Northern Europe dramatically cooled more than 8,000 years ago, as the planet warmed following the end of the last ice age. According to new research, Arctic ice melt has weakened a vital ocean current, leaving Europe in the cold, a result that has significant consequences for future climate change.
Temperatures in Europe and the North Atlantic are thought to have dropped by as much as 9 degrees Fahrenheit (5 degrees Celsius) over a 200-year period, causing more rain in Europe and drought in areas of Africa. The slowing of the conveyor-belt-like circulation that brings warm, tropical water north across the top of the Atlantic and cold, Arctic water south through the bottom was the source of this cooling.
The freezing of Arctic water drives this process. As seawater freezes, it expels its salt, making the surrounding waters saltier. The ocean conveyor belt is propelled by the thick, salty water sinking to the seafloor. A sudden surge of fresh water, however, disturbed this process 8,000 years ago. Previously, scientists thought the fresh water came from a huge lake in northern Canada that emptied into the ocean after an ice dam burst.
However, according to the latest study, much of the freshwater originated from the melting of an ice sheet. Scientists collected sand samples from the Scottish shore for the study, studying the fossilized remnants of sea creatures to extrapolate past sea level rise. They discovered that water levels climbed by about 6 feet (2 meters) over 200 years, which was too high for the lake outburst to explain.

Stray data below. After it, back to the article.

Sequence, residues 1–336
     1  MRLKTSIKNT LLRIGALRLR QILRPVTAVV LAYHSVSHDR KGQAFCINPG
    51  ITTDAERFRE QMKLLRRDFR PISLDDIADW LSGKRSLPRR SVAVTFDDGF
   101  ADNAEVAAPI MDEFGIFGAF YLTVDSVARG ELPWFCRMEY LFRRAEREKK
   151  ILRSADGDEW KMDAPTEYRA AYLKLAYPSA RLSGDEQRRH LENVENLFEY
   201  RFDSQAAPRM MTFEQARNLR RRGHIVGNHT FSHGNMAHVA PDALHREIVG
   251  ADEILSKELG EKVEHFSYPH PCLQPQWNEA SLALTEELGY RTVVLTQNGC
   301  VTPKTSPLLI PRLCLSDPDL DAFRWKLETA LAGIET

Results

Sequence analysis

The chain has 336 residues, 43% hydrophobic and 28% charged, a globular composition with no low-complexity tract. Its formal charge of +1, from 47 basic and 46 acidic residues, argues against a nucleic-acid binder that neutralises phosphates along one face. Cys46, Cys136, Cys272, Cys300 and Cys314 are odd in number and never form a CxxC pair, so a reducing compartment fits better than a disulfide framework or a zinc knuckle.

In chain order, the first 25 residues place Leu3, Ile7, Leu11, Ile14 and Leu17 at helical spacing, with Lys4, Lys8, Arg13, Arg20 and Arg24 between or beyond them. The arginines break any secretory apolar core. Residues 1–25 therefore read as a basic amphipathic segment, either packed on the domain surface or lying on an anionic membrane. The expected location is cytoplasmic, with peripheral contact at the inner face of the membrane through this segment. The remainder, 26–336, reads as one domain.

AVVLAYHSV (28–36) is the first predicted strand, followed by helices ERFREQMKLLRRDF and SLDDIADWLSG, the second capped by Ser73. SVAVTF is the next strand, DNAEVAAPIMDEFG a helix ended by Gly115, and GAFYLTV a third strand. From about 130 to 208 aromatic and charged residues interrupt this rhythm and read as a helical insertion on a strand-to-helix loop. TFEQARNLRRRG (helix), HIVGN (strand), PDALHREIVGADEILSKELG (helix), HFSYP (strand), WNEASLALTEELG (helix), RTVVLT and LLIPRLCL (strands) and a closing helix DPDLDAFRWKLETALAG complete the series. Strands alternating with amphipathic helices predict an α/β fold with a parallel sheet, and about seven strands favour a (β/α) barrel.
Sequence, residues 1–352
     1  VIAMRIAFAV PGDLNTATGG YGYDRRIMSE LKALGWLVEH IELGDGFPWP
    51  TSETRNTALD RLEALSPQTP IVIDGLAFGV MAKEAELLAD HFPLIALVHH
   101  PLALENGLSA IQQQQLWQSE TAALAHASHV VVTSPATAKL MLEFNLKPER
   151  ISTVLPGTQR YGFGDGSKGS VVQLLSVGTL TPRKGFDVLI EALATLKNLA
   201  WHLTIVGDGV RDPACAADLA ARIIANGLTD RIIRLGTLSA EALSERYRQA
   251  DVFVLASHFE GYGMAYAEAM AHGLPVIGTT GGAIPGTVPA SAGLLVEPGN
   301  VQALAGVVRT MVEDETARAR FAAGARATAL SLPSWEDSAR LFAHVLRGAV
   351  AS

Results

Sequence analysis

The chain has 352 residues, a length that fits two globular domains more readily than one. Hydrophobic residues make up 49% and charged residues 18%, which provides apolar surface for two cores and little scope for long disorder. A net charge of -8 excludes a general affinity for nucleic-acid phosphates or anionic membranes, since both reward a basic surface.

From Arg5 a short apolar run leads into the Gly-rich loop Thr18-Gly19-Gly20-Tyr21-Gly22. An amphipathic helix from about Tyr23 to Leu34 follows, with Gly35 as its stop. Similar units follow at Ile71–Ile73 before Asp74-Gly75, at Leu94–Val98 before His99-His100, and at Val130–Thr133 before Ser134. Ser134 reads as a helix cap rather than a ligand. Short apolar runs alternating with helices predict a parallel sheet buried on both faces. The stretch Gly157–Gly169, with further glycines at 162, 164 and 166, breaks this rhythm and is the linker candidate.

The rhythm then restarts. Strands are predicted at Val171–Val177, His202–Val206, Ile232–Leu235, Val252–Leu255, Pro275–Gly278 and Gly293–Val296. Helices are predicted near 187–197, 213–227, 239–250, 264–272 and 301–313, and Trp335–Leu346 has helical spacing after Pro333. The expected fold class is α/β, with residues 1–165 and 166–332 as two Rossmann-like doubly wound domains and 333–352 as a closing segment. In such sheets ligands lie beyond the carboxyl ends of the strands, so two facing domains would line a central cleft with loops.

“We have shown that, despite its size, the lake was not large enough to account for all of the water that went into the ocean and caused the sea-level rise that we observed,” said main author Graham Rush of the University of Leeds in a statement. He said that a substantial amount of water must have come from melting glaciers. The findings were reported in the journal Quaternary Science Advances.
The North Atlantic’s future is still the topic of heated scientific dispute. One recent study suggested that as temperatures rise and the Greenland ice sheet melts, the Atlantic current may cease to exist by the end of the century, albeit the conclusions were viewed with skepticism. The latest study adds to the evidence that current melting may cause a slowing of ocean currents.
Rush stated of the new study, “We have shown that rapid ice-sheet retreat, which may occur in Greenland depending on the path of future fossil fuel emissions, can cause a range of significant climatic effects that would have very worrying consequences.”